Spirit Calling

How to hear the voice of God in Old Testament prophecy

I’ve been skiing exactly one time in my life, during an eighth-grade field trip. On the way to the Wisconsin ski resort, I remember thinking, How hard could it be to slide down a snowy hill?

Brimming with the unbridled optimism of a 13-year-old, I clomped in my rental skis from the lodge to the bunny hill, the beginner’s slope that was about as steep as the driveway at my parents’ suburban home. I spent most of that long, cold afternoon proving the power of gravity as I fell again and again. I was bruised and weary by the end of the day and on the bus home decided to retire from my skiing career.

When I watch the Winter Olympics, I recall my miserable experience as I witness world-class skiers slicing down impossibly steep inclines. Those slopes, tagged with double black diamond signs, warn all but experts away from dangerous runs.

I suspect there are some Christians who approach their Bibles by ranking different sections of Scripture in the same way ski resorts mark their trails: beginner, intermediate, expert, and “Seriously! This is for the pros!” The analogy breaks down a bit because even the most familiar passages of Scripture aren’t necessarily simple when it comes to how we understand, obey, and live them. But the narrative of Genesis, the music of the psalms, or the frank directives of Paul’s letters seem more accessible to most Bible readers than the prophetic books of the Old Testament. Are these books exclusively the domain of Bible experts like pastors, theology professors, and historians?

There are no loopholes in the call to handle the Word of God correctly. (See 2 Tim. 2:15.) The prophetic books cover nearly a third of the pages in our Bibles, and they reference people, places, and things that may not be familiar to contemporary readers. The good news is that with a bit of orientation, these rich books allow us to see afresh the way in which our just, loving God responds to both the faithful and the rebellious. They also let us hear more plainly His unchanging call to return wholeheartedly to Him.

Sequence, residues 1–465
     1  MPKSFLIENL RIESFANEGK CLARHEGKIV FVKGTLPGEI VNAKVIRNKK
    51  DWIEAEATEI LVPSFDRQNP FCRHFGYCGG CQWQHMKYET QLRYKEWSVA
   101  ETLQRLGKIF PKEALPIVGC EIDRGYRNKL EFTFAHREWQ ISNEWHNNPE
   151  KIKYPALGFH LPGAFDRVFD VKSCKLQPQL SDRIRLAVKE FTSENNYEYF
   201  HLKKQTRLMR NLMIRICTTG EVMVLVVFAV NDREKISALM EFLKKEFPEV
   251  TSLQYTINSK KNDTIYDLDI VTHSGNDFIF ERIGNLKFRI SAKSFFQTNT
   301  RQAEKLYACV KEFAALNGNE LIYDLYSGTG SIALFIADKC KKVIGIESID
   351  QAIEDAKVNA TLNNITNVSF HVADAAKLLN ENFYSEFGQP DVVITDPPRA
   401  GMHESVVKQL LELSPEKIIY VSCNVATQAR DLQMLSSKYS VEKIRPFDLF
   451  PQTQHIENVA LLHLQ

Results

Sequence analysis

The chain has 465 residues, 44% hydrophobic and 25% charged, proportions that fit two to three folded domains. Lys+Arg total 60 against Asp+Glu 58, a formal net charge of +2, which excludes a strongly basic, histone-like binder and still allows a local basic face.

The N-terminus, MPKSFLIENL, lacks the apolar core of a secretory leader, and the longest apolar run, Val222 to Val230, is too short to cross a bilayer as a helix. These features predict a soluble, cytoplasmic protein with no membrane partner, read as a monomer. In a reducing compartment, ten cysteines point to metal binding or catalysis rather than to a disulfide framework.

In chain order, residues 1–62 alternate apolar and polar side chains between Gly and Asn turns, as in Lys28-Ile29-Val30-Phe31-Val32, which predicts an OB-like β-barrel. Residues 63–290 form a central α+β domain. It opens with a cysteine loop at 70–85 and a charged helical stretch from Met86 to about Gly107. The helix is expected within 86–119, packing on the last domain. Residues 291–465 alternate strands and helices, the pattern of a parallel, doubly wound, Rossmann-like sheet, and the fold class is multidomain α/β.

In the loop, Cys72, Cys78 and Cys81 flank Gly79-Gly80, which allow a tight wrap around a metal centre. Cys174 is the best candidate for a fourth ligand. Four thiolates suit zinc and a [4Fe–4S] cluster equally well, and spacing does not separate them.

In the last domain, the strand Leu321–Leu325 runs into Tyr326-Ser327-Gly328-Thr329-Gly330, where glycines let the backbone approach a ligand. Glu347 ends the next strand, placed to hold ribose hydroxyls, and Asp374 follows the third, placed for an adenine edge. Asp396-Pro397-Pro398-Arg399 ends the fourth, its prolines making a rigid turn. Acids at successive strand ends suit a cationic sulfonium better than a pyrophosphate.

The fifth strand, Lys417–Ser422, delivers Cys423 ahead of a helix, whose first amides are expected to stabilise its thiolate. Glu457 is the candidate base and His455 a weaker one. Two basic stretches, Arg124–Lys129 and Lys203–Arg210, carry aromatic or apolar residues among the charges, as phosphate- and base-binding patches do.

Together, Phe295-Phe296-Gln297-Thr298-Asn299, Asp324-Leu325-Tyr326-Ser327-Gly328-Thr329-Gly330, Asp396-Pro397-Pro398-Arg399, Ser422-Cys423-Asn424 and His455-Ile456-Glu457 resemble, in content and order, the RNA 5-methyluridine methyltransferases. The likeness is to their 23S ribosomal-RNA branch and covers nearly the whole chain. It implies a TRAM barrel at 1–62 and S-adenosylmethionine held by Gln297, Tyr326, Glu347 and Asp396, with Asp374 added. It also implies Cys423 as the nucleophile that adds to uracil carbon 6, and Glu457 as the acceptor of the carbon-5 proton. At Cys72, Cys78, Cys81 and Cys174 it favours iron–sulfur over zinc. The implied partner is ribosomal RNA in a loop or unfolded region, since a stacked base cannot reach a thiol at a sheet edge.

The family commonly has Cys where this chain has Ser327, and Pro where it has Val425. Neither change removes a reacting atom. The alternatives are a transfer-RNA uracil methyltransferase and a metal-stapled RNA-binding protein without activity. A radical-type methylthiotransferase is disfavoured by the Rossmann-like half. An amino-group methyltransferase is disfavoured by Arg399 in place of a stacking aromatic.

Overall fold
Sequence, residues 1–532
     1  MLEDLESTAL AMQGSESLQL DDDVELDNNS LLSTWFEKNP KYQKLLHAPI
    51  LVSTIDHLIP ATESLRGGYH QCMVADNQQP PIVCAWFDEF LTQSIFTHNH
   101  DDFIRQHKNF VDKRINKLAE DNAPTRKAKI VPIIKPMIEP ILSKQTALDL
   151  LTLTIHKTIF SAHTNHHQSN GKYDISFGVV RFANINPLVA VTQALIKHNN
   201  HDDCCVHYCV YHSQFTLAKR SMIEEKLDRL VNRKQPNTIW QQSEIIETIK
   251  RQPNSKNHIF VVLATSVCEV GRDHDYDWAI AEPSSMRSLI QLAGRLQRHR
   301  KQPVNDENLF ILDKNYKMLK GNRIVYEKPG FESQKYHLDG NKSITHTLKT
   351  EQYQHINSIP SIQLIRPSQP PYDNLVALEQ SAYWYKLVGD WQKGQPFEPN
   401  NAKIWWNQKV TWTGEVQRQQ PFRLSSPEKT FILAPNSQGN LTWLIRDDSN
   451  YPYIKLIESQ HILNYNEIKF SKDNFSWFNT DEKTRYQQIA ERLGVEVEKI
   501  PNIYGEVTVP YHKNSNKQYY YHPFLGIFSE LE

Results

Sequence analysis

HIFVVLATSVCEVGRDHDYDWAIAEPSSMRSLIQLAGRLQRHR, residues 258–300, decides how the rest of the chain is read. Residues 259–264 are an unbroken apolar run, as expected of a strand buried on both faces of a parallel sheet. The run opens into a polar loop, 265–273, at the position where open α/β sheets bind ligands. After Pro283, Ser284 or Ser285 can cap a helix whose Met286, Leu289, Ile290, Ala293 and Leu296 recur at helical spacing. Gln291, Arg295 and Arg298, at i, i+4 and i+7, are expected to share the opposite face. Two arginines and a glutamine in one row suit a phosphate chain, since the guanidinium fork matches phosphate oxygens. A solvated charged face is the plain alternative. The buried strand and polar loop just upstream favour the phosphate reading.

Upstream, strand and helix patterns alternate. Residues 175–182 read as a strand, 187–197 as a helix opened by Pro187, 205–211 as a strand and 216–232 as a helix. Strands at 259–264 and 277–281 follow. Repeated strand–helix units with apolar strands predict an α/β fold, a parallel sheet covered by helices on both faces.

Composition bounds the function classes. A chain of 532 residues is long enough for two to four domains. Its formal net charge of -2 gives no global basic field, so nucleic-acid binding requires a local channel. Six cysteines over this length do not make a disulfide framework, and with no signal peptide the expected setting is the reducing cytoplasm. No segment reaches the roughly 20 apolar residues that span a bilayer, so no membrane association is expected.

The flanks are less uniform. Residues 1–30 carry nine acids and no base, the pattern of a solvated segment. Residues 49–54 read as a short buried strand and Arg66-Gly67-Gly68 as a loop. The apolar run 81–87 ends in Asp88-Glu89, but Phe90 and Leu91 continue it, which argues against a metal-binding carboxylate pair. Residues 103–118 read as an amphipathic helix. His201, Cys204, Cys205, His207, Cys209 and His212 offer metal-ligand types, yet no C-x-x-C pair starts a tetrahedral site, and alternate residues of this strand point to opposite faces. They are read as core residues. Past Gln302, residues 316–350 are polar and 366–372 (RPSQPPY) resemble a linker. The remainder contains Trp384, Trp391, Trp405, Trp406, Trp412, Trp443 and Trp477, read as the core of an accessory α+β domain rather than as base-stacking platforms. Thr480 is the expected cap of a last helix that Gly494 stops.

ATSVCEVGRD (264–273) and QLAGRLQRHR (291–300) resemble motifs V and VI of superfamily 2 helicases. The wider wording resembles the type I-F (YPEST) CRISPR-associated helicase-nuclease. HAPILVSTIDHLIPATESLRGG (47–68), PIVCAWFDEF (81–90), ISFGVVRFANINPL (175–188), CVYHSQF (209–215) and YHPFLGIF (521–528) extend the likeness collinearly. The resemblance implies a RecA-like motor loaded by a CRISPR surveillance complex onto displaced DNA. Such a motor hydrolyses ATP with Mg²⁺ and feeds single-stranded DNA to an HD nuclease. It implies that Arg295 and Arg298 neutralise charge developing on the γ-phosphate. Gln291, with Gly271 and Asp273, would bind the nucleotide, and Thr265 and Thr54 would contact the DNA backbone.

Written for whom?

There are a few common ways in which beginning readers of the prophetic books can veer off course and miss the message of these writings. The first is to dip into biblical prophetic literature to pull verses for modern, personal application. This usually flows from the best of intentions, such as a desire to encourage someone with a word straight from Scripture. (I’ve done it myself.) However, when we cherry-pick from passages that seem to echo our own sentiments, we can develop a habit of thinking the prophetic books are all about us.

Are the prophetic books exclusively the domain of Bible experts like pastors, theology professors, and historians?

Imagine the prophet Jeremiah entering a Christian bookstore and seeing a few words from his message to Israel emblazoned on a graduation card. When he proclaimed, “‘For I know the plans that I have for you,’ declares the Lord, ‘plans for welfare and not for calamity to give you a future and a hope’” (Jer. 29:11), he was speaking to the chosen people living in captivity in Babylon. They had no hope of ever being able to return home. But Jeremiah brought word that as they accepted God’s discipline for their unfaithfulness to Him, they would learn of His unchanging faithfulness.

A second way we veer off course is by indulging in “ripped from today’s headlines!” speculation. Certain streams in the church are fixated on analyzing prophetic passages that point toward the end times, with the purpose of having the inside track on how things will all come down. I suspect most of these self-proclaimed prophecy experts mean well. They want to prepare modern audiences to be ready for the Lord’s return.

A generation ago, a former NASA engineer turned Bible prophecy teacher named Edgar Whisenant had thousands of believers convinced that Jesus would return during the Jewish feast of trumpets (Rosh Hashanah) in 1988. His elaborate dating system was a mash-up of Bible passages, modern calendars, and current events tied to the founding date of the modern State of Israel. Throughout history, there have been end-times date-setting movements within the church, as well as cults that may have started in the church but eventually moved outside the bounds of theological orthodoxy. The temptation to decode blood moons and modern geopolitical movements through ancient prophecy is often rooted in our fear of the future, especially when the present seems to be growing ever darker.